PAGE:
Do I have to buy two different tools for cutting branches and trimming shrubs?

Several such recommendations above, from nearly every reply prior to detailing of specific tools.


    Bookmark   May 24, 2011 at 1:05PM
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What exactly do you mean by "trimming"? Pruning is pruning - the selective removal of branches or stems that have improper or unwanted growth or are dead, damaged or diseased. And the various tools necessary to accomplish this efficiently have been previously listed. Unless you are shearing/hedging appropriate shrubs or trees - very different from routine or necessary pruning - 'trimming' a tree is terminology only appropriate to Christmas trees :-)

    Bookmark   May 25, 2011 at 2:05PM
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botann(z8 SEof Seattle)

Ken, I use a pole pruner several times a week and have for years. Of course living in a temperate rainforest with a garden full of trees, the need for one becomes apparent right away. One mistake most people make is reaching up, holding the pole above their head. No, when sawing, try to keep your hands at chest height. Extend the pole to achieve this. You will last a lot longer. Getting up on a ladder and cutting is what you see on America's Funniest Videos. I prefer to use a pole pruner on cloudy days. Not hard to do here. :-) Looking up in the sun, trying to make a cut, is not fun.
I have gone through a lot of pole pruners over the years. Fiskars is the one I'm most happy with.
As far as a chainsaw on a stick......naw. I don't see the need for it. Don't get me wrong, I have two chainsaws and use them regularly, but not for pruning.
Here's a Red Alder I just cut down. The wood turns orange for a few days after it's cut. Notice the Western Red Cedar, Thuja plicata, have been 'skirted'. I did it with a pole pruner.

I do have one electric hedge trimmer. (Whoops! Shearer) I use it to shear my "Croc" several times during the summer. It's the only job I do with it.

Sumpthin' bit off a few toes. I don't know what it was, but I know it musta been big.

Pruning and shearing are two different methods. They require different tools. Depending on the type of pruning, you need the appropriate tool as outlined above. I'll take a hand tool over a gas or electric powered tool in the garden anytime.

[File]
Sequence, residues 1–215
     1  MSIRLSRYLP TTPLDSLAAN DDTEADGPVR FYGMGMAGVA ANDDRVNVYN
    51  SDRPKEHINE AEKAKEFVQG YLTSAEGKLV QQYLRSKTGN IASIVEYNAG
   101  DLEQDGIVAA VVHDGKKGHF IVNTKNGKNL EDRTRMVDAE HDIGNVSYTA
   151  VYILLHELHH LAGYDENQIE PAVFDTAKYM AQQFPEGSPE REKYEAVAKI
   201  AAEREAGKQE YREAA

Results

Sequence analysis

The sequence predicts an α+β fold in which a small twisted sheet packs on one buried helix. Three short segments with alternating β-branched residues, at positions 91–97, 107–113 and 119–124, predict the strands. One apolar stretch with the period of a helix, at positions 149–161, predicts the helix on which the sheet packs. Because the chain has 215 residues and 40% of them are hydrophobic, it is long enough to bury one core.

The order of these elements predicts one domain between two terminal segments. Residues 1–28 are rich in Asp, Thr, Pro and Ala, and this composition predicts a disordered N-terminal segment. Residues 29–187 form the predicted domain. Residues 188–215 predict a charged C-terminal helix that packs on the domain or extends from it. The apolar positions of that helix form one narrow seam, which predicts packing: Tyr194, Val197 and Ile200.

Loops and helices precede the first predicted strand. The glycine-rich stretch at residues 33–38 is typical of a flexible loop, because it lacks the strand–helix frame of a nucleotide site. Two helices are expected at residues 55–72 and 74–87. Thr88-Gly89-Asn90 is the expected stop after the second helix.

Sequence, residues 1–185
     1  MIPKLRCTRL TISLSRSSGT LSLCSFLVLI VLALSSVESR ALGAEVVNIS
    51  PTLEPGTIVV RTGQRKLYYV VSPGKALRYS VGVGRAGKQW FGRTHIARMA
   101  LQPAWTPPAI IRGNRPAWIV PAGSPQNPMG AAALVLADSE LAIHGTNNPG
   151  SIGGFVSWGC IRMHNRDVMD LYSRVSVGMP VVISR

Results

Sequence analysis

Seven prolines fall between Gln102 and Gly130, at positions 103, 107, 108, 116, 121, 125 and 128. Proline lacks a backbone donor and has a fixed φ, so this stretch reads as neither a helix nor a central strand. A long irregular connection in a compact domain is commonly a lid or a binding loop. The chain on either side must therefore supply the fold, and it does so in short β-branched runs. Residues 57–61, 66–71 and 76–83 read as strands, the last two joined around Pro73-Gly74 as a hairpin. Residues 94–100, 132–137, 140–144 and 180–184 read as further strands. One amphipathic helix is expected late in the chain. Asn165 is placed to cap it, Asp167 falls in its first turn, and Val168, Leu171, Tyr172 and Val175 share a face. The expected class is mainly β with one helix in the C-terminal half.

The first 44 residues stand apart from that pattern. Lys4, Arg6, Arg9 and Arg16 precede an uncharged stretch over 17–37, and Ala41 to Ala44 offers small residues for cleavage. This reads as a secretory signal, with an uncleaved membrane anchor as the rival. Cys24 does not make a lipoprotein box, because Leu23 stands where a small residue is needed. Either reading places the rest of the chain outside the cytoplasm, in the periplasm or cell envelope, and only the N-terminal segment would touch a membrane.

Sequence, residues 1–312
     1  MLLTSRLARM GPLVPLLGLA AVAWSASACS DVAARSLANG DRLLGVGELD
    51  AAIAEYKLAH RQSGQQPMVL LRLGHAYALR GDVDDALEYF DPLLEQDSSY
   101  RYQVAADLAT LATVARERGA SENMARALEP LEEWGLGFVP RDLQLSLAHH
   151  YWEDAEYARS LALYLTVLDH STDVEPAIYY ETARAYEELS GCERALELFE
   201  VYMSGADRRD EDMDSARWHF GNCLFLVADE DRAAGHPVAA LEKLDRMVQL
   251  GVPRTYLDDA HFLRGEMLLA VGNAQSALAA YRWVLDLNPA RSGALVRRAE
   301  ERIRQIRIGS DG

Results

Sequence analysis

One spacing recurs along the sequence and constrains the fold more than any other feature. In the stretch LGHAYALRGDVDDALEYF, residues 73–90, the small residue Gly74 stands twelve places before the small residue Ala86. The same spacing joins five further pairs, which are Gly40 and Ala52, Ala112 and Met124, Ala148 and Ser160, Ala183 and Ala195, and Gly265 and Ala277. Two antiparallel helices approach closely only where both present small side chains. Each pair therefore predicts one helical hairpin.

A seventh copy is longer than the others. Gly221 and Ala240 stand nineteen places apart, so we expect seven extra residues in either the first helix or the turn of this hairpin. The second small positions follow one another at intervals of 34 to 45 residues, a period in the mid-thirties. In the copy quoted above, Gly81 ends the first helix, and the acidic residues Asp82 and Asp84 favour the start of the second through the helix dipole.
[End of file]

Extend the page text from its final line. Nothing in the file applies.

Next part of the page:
As a side note, A friend of mine was kidding me about shearing my Crocagtor with an electric 'trimmer'. He wanted to use his gas powered one. I let him do it. He screwed up the Croc so bad I can't show a recent picture. Again, the proper tool for the job is most important.

    Bookmark   May 26, 2011 at 12:56PM
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I know the guy who invented this brand new telescopic tree trimmer and you can also attach other tools and more attachments are on the way! The ratchet system is awesome because it takes the pressure off your hands and does the cutting for you instead of hurting your hands. It's sold on Amazon. Check out the link below if your interested.

Here is a link that might be useful: Buy Best Tree Puner Here!

    Bookmark   January 7, 2012 at 12:00PM
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Clearly and obviously, OP needs hand tools only. Even for shearing-type pruning, as for say, alligators and such, there are high quality hand hedge shears that will make the work pleasant.

Even us pros use hand-powered equipment every day. The "Turbo-Cut" style pole saw blades, which as Ken points out are now available from a wide array of makers, and which are also featured in most decent handsaws these days, will easily do the largest cuts OP is likely to encounter.

If one does need a power saw, for gawd's sake, get a gas-powered saw! Stihl makes several decent small versions as does Husqvarna. Pros also use these little chainsaws every day, when up in the bucket or climbing, until larger branches are encountered. Then, a larger saw can be roped up to the trimmer. But 80% of the work can be done with the little guy.


    Bookmark   January 7, 2012 at 1:33PM
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brandon7 TN_zone(7)

Has anyone used Stihl PP30 pruners? They say on the package that they are for smaller hands. I have medium to large hands, but the PP30's fit my hand well (very well). They are not the "pro-grade" pruners with replaceable blades and such, but they are my single favorite handheld pruners for pruning twigs and smaller branches. I have had one pair for quite a few years and try to limit when I use them. They've worked along side, and outlasted, many other pruners. Sometimes I abuse them a little, but I still love them!

The local Stihl dealer stopped selling them after I bought mine. I was at another dealer the other day and found they were still being made. I ordered 5 more pairs.

I've used the PP10's (pure worthless trash) and the PP40's (OK, but not my favs). I haven't tried the 60's, 70's, or 80's.

    Bookmark   February 5, 2012 at 2:05PM